But Frist’s pandering to the lobbyists of the voracious health-care industry knows no bounds. “Frist isn’t the senator from Tennessee — he’s the senator from the state of Health Care Industry Influence — he’s gotten more than $2 million from the health-care sector, giving him the dubious distinction of raising more cash from health-care interests than 98 percent of his colleagues,” says Nick Nyhart, executive director of Public Campaign.

Consider the special servicing he gave to pharmaceutical giant Eli Lilly. In another example of his “patriotism,” Frist engineered the insertion into the Homeland Security bill of a provision that would protect Eli Lilly from lawsuits over Thimerosal, a mercury-based preservative used in its vaccines. Thousands of lawsuits have been filed against Lilly by parents who believe Thimerosal caused autism and other neurological maladies in their kids. The Frist-authored rider shields Lilly by forcing those lawsuits into a special “vaccine court,” where they can be easily scuttled, potentially saving Lilly hundreds of millions. The pharmaceutical industry was the largest single contributor to the National Republican Senatorial Campaign Committee that Frist chaired, ladling out some $4 million — and Lilly was the single biggest contributor to the GOP from that industry, having given $1.6 million in the last election cycle, 79 percent of it to Republicans.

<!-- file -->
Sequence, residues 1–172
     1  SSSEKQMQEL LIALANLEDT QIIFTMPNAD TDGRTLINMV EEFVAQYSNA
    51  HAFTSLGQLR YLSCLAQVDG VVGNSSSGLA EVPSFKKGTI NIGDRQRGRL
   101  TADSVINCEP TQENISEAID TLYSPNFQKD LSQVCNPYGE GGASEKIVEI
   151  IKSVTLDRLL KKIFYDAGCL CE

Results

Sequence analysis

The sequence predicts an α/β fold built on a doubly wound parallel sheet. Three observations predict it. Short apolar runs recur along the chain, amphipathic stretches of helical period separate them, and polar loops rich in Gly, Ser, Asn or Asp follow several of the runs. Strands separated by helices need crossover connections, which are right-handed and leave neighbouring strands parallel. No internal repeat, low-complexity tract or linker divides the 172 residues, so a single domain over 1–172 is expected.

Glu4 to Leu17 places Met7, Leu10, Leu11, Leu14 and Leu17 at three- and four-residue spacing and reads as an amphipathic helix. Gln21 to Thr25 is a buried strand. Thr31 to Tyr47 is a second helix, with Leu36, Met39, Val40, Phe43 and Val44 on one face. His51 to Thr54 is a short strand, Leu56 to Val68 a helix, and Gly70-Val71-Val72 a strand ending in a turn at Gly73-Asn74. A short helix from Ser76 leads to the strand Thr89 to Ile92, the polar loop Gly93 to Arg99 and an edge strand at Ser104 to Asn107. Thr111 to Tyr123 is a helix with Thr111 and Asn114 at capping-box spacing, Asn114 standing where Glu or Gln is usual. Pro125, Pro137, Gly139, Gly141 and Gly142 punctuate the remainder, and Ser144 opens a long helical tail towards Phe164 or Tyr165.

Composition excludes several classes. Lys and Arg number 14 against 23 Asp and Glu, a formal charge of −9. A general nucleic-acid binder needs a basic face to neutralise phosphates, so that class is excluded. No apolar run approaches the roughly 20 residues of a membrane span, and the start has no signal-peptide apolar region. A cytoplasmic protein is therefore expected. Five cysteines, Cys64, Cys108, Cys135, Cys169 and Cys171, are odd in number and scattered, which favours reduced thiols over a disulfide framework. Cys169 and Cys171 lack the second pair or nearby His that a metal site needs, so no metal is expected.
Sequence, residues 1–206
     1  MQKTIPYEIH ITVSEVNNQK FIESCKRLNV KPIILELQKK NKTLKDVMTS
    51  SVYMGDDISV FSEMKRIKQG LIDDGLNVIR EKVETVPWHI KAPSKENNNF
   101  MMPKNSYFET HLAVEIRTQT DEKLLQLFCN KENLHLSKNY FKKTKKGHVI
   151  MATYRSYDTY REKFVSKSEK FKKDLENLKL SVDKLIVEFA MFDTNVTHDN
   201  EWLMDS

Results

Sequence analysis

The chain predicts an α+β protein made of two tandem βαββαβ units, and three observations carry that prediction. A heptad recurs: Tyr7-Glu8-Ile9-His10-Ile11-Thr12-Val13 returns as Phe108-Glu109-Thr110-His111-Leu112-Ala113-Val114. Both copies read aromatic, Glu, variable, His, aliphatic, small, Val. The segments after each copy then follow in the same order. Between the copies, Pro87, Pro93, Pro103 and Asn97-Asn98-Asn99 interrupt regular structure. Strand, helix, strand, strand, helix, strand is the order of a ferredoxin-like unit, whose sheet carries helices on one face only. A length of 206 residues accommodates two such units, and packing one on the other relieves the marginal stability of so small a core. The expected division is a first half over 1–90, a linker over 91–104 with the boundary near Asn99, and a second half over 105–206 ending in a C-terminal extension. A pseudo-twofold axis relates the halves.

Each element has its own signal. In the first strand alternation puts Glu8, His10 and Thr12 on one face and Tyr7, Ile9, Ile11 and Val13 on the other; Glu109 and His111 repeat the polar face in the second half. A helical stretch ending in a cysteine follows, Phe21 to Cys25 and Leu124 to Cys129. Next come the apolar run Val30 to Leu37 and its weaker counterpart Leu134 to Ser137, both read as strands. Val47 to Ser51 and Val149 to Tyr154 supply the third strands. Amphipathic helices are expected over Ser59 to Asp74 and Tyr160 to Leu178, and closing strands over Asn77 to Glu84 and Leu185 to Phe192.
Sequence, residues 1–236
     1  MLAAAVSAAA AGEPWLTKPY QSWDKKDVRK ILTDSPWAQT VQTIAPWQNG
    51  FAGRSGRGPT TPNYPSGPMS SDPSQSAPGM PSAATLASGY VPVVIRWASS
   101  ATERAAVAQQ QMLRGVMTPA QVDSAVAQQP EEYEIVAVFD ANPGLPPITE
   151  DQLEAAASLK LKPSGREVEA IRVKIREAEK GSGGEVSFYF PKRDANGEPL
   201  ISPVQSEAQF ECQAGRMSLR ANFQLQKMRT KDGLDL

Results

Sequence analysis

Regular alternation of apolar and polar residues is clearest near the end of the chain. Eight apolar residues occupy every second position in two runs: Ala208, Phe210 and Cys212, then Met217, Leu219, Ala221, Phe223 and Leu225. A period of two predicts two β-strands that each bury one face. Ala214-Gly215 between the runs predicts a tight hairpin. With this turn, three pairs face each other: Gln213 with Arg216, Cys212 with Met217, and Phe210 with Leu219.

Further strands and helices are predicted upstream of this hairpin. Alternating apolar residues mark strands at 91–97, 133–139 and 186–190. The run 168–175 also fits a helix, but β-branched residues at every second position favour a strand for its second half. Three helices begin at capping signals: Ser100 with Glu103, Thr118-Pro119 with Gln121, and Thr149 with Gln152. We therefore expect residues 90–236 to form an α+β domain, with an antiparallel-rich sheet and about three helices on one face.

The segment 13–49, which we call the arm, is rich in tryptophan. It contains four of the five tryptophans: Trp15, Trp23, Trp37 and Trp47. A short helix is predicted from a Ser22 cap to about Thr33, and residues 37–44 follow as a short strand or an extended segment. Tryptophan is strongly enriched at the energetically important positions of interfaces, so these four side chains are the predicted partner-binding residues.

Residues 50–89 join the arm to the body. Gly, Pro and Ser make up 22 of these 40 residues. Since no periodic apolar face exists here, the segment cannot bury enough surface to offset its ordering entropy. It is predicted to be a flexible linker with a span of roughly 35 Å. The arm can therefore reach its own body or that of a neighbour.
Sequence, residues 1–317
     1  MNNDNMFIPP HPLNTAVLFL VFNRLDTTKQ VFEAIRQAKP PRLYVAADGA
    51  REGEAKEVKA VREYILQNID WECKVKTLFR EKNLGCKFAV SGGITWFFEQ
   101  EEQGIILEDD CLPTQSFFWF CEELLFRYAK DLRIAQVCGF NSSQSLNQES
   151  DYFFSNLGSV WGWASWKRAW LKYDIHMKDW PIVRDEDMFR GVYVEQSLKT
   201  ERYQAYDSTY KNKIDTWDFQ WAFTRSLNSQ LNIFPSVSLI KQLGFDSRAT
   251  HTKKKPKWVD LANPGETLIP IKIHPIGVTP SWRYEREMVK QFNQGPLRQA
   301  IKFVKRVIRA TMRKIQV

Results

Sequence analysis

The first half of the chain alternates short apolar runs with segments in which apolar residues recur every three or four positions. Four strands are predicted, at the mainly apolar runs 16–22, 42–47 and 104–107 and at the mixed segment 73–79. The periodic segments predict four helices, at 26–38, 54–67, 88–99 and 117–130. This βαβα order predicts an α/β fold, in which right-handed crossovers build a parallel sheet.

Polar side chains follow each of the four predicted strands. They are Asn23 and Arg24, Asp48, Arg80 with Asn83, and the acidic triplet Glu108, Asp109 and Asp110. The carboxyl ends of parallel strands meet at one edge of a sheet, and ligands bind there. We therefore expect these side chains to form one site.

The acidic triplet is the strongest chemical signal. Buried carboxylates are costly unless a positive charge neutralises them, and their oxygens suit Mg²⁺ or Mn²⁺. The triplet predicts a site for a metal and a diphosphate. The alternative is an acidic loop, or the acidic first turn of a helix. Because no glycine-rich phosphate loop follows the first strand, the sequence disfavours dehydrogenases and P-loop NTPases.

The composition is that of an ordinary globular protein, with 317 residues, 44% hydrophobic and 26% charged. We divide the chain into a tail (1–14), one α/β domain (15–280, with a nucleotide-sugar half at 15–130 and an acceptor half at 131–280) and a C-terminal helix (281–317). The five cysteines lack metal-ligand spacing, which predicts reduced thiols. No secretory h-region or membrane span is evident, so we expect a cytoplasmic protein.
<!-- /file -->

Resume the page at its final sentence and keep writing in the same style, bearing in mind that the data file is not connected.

The good Dr. Frist voted against patients’ rights to sue their HMOs for failure to provide adequate treatment, and voted to give tax subsidies to HMOs and insurance companies to offer prescription drugs to seniors, rather than providing them through Medicare. Frist has, of course, personally raked it in from the interested industries, gobbling up $123,750 in campaign cash from the HMOs and $265,023 from the pharmaceutical industry. Frist also took $130,204 from the food-processing industry — and then helped kill a bill putting teeth into the USDA’s authority to crack down on processing plants that violate federal standards for bacterial and viral infection of meat and poultry.

There’s a lot more, like this — so much that it leads to an inescapable conclusion: In the Senate, “Good Samaritan” Frist has almost daily violated the injunction of the physicians’ Hippocratic oath: “First, do no harm.”

Consumer Watchdog
Consumer Watchdog